Cancer of the ovary


Cancer of the ovary
Cancer of the ovary
  • Ovarian cancer affects the ovaries. It mostly affects women over the age of 50.
  • It can affect anyone who has ovaries.
  • The ovaries are 2 small organs that store the eggs needed to make babies.
  • Sometimes ovarian cancer runs in families.
  • The symptoms of ovarian cancer, such as bloating, are not always obvious.
  • Ovarian cancer is often diagnosed late, but early diagnosis can mean it is more treatable.

Get your symptoms checked

It's important to get any symptoms of ovarian cancer checked as soon as possible. Finding it early can mean it's more treatable.


Symptoms of ovarian cancer include frequently (roughly 12 or more times a month) having:

  • a swollen tummy or feeling bloated
  • pain or tenderness in your tummy or the area between the hips (pelvis)
  • no appetite or feeling full quickly after eating
  • an urgent need to pee or needing to pee more often

Other symptoms of ovarian cancer can include:

  • indigestion
  • constipation or diarrhoea
  • back pain
  • feeling tired all the time
  • losing weight without trying
  • bleeding from the vagina after the menopause

See a GP if:

  • you have any symptoms of ovarian cancer


These symptoms are very common and can be caused by many different conditions.

But it's still important to get them checked by a GP. This is because if they're caused by cancer, finding it early can mean it's more treatable.

What happens at the GP appointment

You will be asked about your health and symptoms. Tell the GP if anyone in your family has or had ovarian or breast cancer.

The GP or practice nurse may ask to examine you. You can ask for a female doctor or nurse when you book your appointment.

You'll be asked to undress from the waist down, behind a screen. You'll be given a sheet to put over you.

The examination may involve:

  • gently putting a smooth, tube-shaped tool (a speculum) into your vagina so they can see inside this area
  • pressing on your tummy and inside your vagina, to check for lumps or tender or sore areas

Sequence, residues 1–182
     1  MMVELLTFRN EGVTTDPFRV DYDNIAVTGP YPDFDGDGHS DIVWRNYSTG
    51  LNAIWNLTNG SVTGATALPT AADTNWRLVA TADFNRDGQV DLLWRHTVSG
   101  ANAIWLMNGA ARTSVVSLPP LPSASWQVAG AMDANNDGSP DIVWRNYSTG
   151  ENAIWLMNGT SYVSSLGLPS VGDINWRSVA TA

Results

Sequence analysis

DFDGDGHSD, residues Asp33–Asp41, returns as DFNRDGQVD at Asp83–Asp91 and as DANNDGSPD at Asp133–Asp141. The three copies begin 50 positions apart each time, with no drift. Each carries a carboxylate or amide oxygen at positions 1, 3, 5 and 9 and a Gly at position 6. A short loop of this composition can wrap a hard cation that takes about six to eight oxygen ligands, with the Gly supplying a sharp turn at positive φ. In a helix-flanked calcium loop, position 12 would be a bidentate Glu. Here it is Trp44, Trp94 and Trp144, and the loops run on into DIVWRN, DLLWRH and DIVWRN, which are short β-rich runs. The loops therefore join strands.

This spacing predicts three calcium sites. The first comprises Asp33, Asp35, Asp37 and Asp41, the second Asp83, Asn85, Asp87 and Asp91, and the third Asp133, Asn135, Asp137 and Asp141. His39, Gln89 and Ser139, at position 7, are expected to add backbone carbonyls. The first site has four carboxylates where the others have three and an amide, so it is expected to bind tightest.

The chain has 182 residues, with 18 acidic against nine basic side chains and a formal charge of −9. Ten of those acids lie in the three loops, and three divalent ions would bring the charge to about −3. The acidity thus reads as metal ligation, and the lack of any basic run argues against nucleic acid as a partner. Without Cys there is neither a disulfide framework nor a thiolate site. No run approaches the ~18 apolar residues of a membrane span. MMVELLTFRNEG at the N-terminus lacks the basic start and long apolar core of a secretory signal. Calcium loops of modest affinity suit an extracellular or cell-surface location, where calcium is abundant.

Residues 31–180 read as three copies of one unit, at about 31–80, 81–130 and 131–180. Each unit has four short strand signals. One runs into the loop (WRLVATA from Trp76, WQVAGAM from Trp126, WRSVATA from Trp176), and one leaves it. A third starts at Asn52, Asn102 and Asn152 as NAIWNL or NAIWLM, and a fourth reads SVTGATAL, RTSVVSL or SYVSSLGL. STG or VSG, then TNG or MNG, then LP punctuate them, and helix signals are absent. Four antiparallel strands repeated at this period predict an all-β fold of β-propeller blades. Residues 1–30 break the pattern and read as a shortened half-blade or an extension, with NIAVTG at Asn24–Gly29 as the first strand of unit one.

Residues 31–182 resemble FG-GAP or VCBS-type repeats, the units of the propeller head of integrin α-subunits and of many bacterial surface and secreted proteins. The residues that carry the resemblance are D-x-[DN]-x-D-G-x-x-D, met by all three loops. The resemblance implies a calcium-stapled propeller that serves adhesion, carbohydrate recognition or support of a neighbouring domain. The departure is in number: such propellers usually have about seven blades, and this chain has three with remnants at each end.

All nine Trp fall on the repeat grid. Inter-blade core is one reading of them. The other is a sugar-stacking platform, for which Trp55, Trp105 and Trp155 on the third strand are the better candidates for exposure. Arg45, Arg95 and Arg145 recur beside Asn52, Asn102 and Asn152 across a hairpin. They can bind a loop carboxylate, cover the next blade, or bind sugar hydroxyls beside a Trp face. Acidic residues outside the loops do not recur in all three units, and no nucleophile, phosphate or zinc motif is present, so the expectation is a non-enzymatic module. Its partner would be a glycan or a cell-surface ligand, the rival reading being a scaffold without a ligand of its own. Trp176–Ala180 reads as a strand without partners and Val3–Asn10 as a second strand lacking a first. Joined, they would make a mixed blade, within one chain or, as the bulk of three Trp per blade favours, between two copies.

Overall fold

It should not be painful, but you may find it uncomfortable. Talk to the GP or nurse if you are feeling uncomfortable.

You can have a friend, family member or other member of staff in the room with you during your exam if you want.


You are in control and can ask the doctor to stop at any time.

Referral to a specialist

The GP or practice nurse may refer you for more tests or to see a specialist in hospital if they think you have a condition that needs to be investigated.

This may be an urgent referral, usually within 2 weeks, if you have certain symptoms. This does not definitely mean you have cancer.

Who can get it

The risk of developing ovarian cancer increases with age, with more than half of all cases in the UK in women aged 65 and over.

Anyone with ovaries can get ovarian cancer.

You cannot get ovarian cancer if you've had surgery to remove your ovaries.

You may have a higher chance of getting ovarian cancer if you:

  • inherited a faulty gene, such as the BRCA genes or those linked to Lynch syndrome
  • had breast cancer or bowel cancer
  • had radiotherapy treatment for a previous cancer
  • have endometriosis or diabetes
  • started your periods at a young age or went through the menopause late (over 55), or have not had a baby – because these things may mean you’ve released more eggs (ovulated more)
  • have never used any hormonal contraception, such as the pill or an implant
  • are taking hormone replacement therapy (HRT)
  • are overweight
  • smoke

Find out more

How to lower your risk of getting ovarian cancer

You cannot always prevent ovarian cancer but there are things you can do to lower your chances of getting it.


  • quit smoking
  • stay a healthy weight or lose weight if you're overweight
  • talk with a GP about possible tests or treatment (taking a hormonal contraception or removing your ovaries) if ovarian cancer runs in your family

It's important to get any symptoms of ovarian cancer checked by a GP.


A blood test and a scan are usually done first, but other tests are often needed to diagnose ovarian cancer.

You may have an ultrasound scan to see if there are changes to your ovaries.

This might be done using a scanning device (the size of a finger) inserted into your vagina (transvaginal scan). Or you may have an external scan over your tummy area (abdominal scan).

If your scan comes back normal, but your symptoms continue for a month or more, see a GP again.

Sometimes ovaries are too small to show up on a scan, especially after the menopause.

Other tests you may have include:

  • CT scan
  • removing a small sample of cells or fluid from your ovaries (needle biopsy),
  • looking at your ovaries using a camera on the end of a tube through a small cut in your tummy (laparoscopy)
  • surgery to remove tissue or possibly your ovaries (laparotomy)

Find out more

Getting your results

You should get the results of your tests within a few weeks.

Call the hospital or GP if you're worried. They should be able to update you.

A specialist will explain what the results mean and what will happen next. You may want to bring someone with you for support.

If you're told you have ovarian cancer